In the last month, hundreds of women and men have come forward in a courageous attempt to reveal abuses of power- sexual abuses to be more specific- that take place in our media, from CNN to Hollywood. Women have become more confident in themselves and their ability to be heard, raising their voices and our standards. Secrecy, the seeming effect of fear that causes victims to remain quiet for years- even decades, is making its’ mark in history as something that will not stand. The walls of silence are being broken down by the day, and oppressors are being exposed by an art form within itself and what appears to be a new dawn.
But it isn't a one way street.
JANUARY 2018 ART & CONVERSATION
We want to take a moment and share our sympathies and support with the courageous men and women who are reminding us that acts of sexual abuse or harassment should never be considered ‘normalized’ in our society. Whether it is takes place in the media, art, or film industries, the army, or the Church- such oppressions should never be tolerated, regardless of how tolerant we are of each other. As our world continues to change and we see more women find equal stature amongst their male counterparts in the media, more women and transgenders join the reserves or share bathrooms, and our churches continue to welcome and embrace gay audiences, it is now more important than ever to protect one another. We should not let our love and acceptance of one another result in more sexual abuse or tolerance of it.
It is also important to remember that while we should be protecting one another, we are essentially, responsible for ourselves. Conversations have stirred in the last year- how much is "too much to drink" before forgetting your own name, or how much "power" is 'acceptable' in society for a victim to continue their silence for years at a time. Because we are far from a perfect world, there must be a sense of responsibility and accountability, both ways, if we are to ever turn the debate and controversy into a practical solution.
The once family drama, Switched at Birth, took a very controversial turn when in 2015 when 18 year old Bay wakes up confused in her ex-boyfriend's dorm room. Switched at Birth was not shy about implementing controversy in their show after season 1, but this situation is not an uncommon one in college life. The question is- was it consented or not? Executive Producer, Lizzy Weiss, leaves this open ended depicting the reality of our actions, the justifications, and accusations that come with convolution. The show ended its final season in 2017, never giving us a clear answer as to what actually happened between Bae and Tank, but we do see the negative consequences that played out like a domino affect in Tank's life after the accusations were made public.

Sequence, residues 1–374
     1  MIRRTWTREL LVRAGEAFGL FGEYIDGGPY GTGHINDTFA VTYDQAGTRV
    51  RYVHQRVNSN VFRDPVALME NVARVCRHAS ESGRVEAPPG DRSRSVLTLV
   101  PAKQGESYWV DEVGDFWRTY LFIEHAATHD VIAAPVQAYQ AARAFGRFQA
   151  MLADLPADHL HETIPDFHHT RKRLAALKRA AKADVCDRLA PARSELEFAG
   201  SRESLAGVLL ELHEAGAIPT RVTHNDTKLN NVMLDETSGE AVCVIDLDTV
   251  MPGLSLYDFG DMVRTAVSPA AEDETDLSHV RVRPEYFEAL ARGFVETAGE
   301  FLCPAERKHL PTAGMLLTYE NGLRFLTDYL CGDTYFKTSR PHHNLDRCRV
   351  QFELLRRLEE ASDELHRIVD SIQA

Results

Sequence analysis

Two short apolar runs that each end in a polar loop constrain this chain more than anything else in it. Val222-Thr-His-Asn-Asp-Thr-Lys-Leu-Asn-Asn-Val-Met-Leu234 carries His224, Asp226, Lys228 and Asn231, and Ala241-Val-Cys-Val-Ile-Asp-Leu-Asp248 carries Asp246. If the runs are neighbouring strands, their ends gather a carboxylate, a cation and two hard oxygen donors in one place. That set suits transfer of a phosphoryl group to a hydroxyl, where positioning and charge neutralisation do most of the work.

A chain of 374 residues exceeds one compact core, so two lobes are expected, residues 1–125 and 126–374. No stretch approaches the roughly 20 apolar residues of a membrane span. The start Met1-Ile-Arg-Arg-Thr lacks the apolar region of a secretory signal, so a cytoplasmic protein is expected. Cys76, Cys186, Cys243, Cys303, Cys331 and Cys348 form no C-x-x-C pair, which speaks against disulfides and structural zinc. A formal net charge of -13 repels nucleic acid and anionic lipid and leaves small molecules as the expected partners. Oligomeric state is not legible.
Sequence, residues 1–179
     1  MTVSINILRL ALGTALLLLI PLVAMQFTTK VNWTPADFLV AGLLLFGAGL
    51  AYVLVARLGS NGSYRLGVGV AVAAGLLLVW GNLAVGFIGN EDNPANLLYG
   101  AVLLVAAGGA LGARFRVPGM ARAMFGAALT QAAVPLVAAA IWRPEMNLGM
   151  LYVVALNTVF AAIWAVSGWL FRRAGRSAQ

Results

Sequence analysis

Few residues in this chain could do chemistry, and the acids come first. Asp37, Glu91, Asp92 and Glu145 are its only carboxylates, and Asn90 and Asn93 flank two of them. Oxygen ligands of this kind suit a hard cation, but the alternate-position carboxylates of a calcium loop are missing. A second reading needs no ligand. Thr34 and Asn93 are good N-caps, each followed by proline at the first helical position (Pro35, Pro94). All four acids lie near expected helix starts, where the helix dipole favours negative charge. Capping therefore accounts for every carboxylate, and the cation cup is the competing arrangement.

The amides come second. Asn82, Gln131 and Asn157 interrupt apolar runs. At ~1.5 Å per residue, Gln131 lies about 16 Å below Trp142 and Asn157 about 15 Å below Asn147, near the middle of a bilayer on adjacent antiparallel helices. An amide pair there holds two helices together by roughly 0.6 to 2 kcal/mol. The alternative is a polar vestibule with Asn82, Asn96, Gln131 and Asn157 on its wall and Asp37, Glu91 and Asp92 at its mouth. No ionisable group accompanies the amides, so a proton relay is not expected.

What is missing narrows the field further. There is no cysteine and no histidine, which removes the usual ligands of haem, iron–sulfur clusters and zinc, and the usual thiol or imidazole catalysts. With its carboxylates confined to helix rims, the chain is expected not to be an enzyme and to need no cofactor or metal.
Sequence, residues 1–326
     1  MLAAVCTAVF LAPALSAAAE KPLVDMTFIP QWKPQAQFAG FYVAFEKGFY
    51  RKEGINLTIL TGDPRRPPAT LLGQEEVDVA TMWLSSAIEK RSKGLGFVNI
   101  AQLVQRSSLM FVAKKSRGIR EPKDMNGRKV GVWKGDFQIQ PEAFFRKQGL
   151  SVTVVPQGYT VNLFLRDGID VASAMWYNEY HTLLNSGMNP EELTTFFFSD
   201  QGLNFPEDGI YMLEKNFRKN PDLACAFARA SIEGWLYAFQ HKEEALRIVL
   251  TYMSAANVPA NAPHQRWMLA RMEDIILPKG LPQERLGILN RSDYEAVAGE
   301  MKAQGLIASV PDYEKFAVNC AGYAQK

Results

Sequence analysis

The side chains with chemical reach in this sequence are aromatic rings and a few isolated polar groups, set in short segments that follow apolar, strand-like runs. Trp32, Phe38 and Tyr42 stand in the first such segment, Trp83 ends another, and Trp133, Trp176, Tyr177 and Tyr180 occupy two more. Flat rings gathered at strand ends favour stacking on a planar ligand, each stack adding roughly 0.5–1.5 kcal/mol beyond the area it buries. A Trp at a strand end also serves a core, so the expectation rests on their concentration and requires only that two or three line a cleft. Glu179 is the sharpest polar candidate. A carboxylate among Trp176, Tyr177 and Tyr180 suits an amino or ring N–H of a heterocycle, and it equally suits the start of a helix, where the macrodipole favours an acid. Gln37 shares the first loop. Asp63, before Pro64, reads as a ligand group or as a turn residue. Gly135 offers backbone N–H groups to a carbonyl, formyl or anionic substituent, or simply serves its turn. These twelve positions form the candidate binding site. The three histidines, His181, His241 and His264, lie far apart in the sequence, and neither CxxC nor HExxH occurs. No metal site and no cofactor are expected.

Rape is not a joke. And it's important that women also understand that false accusations are not either, regardless of one's 'buyer's remorse.'
And while we applaud everyone who has come out to voice the real abuses they experienced, we scratch our heads at the cynicism and skepticism that surrounds Corey Feldman, child actor of the 1980s, who also made a stand in 2017. It's been almost two decades since Corey Feldman first spoke out about the ongoing sexual abuse and pedophilia rings in Hollywood. A young boy at the time, Feldman now states that he thought it was ‘normal’ until he reached a certain age when he opened up the conversation publicly. While many claim that Feldman has done it all wrong in his attempts to expose Hollywood, he is, nonetheless, a victim of sexual abuse and deserves the same support and encouragement everyone else does regardless of how he does it. Feldman desires to independently produce and direct the story of his life as a means to raise awareness, despite the fear and repercussions that persist with his continuous efforts to expose things that should never have been. We continue to support Corey Feldman, his story, and his mission, and other young men who may not have yet found their voice to speak out or say no.
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